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Kingston University's Visconti Studio will be magnet for major recording artists, according to acclaimed record producer Tony Visconti

Posted Friday 3 February 2017

Kingston University's Visconti Studio will be magnet for major recording artists, according to acclaimed record producer Tony Visconti

The Visconti Studio at Kingston University will become a destination of choice for leading artists to record new material, according to iconic music producer and David Bowie collaborator Tony Visconti, who has lent his name to the venue.

The analogue recording studio was opened by Mr Visconti in September last year. It forms the focal point of a teaching and research project at the University which will see the award-winning producer tutor students in the techniques of tape-based recording, deliver seminars and record new music with invited guest artists.

Having spent the past 50 years working in recording studios across the world with some of the most revered names in rock and pop – including David Bowie, T-Rex and Foo Fighters – Mr Visconti is confident the new studio will attract a host of talent and well-known artists wanting to take advantage of the unique set-up at the University.

Tony Visconti at Kingston University with Dr Leah KardosTony Visconti - pictured with music lecturer Dr Leah Kardos - talks about his career at a recent event at the University  "Once the word gets out we will have a lot of artists wanting to use the studio," Mr Visconti said.  "I've already mentioned it to Paul McCartney and he's really curious. If he can find a place close to home where there's a good sound then I'm sure he'll explore the possibilities of using it."

One of the most impressive features of the tape-based facility is the 300 metre square octagonal live room which boasts a unique collection of rare and vintage instruments including a mellotron, Hammond organ and Steinway piano.

Mr Visconti noted that a live room of this size was hard to find these days as most have closed down. He said the space boasted an exceptional reverb which reminded him of Hansa Studio in Berlin where he recorded Bowie's 1977 album Heroes.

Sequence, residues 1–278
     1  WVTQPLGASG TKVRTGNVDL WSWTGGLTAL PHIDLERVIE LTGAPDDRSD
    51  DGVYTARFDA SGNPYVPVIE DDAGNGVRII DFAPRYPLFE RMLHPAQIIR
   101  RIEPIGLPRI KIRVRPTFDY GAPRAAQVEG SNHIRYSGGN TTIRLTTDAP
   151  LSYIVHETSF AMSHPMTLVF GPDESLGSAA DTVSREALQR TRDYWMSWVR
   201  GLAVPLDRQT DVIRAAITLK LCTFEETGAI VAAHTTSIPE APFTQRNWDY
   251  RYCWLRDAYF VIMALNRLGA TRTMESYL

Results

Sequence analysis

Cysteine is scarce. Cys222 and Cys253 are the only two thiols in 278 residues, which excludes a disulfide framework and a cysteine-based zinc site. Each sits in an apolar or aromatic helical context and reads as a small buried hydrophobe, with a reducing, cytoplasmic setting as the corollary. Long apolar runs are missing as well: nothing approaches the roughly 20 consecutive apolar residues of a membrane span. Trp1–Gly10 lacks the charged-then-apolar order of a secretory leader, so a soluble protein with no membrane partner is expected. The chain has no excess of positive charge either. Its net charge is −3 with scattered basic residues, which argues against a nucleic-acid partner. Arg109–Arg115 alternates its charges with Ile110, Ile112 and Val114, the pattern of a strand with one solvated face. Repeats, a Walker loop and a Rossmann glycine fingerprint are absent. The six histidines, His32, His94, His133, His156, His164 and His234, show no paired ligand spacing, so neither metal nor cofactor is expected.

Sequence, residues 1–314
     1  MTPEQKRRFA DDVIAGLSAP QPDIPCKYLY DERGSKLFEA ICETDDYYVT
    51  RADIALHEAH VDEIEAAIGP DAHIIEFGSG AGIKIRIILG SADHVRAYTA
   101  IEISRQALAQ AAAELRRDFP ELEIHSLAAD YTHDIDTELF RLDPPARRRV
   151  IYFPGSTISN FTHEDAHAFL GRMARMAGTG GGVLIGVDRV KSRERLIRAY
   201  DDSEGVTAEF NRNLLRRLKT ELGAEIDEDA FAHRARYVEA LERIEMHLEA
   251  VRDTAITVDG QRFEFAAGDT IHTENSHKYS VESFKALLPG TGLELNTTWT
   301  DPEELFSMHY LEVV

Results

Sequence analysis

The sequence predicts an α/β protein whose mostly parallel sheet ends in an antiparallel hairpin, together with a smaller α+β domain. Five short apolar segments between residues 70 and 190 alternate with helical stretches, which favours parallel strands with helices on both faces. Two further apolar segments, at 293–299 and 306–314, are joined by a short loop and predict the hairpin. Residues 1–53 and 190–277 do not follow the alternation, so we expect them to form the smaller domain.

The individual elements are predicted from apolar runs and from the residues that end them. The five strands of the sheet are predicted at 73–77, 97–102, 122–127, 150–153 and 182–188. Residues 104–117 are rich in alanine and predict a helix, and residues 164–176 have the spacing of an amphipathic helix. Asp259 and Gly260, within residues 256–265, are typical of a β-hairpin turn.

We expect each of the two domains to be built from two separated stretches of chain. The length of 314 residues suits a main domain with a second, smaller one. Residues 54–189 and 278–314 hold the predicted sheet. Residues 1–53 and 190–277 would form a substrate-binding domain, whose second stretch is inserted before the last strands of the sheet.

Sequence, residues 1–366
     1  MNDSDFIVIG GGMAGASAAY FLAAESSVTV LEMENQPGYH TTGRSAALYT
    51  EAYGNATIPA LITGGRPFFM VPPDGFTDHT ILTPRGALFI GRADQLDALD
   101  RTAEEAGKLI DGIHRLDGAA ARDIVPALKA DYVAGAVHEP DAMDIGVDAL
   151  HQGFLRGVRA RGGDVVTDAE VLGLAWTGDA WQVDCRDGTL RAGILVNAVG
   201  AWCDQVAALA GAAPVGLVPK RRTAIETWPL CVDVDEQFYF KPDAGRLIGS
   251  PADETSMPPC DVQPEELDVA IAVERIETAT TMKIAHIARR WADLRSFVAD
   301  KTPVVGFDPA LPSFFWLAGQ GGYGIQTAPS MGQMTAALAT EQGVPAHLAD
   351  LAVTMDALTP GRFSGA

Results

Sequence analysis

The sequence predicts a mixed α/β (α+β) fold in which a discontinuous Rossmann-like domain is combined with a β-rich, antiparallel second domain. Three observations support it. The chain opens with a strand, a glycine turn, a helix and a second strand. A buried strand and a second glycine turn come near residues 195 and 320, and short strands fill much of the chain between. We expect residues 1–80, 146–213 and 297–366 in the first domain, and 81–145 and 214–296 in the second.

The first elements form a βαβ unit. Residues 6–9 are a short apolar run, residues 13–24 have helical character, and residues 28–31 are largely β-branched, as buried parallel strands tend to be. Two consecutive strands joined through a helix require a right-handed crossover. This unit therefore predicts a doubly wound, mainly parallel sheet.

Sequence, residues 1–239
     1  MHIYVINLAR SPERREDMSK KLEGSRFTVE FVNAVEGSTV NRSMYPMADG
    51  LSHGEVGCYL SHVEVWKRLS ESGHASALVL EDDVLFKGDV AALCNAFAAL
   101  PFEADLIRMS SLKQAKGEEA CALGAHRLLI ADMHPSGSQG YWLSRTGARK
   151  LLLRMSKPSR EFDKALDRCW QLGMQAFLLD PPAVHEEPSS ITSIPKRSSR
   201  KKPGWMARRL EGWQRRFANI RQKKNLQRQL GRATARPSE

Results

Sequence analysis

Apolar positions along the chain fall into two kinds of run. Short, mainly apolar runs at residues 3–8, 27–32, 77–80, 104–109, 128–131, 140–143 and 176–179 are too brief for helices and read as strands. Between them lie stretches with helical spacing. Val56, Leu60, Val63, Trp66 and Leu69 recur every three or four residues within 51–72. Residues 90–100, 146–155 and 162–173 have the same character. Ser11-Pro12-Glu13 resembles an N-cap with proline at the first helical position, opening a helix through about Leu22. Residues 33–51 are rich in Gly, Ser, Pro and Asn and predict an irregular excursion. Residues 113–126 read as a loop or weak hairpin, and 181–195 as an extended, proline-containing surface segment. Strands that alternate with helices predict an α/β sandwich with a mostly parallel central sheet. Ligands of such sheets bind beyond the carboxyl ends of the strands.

"This studio is the real deal," Mr Visconti said.  "I would love to have made a David Bowie record here because of its sonic possibilities. There's a special sound here that you can't get in smaller studios."

Visconti Studio 300 metre square octagonal live roomTony Visconti said the 300 metre square octagonal live room has an "exceptional reverb"As part of the launch of the studio, Mr Visconti – now a visiting professor at Kingston University – worked with group students to produce tracks for British singer-songwriter Mary Epworth. The innovative producer will return to the studio this month to run a Winter School, which will see him working with 10 lucky students from across the globe to produce new material for an invited guest artist.

When it's not being used for teaching, Mr Visconti intends to use the studio for his own recording collaborations and said he'd love the chance to give students the experience of working with some seriously big rock stars at the University. Singer-songwriter PJ Harvey visited the Visconti Studio shortly after the launch and was impressed by the facilities there.

Receiving an Honorary Doctor of Arts from Kingston University at the studio launch in September, Mr Visconti said he was relishing his new role as visiting professor.

"I'm so happy to be working here at the University," Mr Visconti said. "When I drove up the driveway and I saw my name on the studio sign…I felt that this is like coming home."

Mr Visconti is regarded as one of the most influential record producers of the modern era and is to be honoured with an Outstanding Contribution to UK Music award by the Music Producers Guild Awards at a ceremony held in London this month. His collaborations across the decades include producing music for Sparks, T-Rex, Thin Lizzy, Morrissey and Daphne Guinness.

Categories: On campus, Research, Staff, Students

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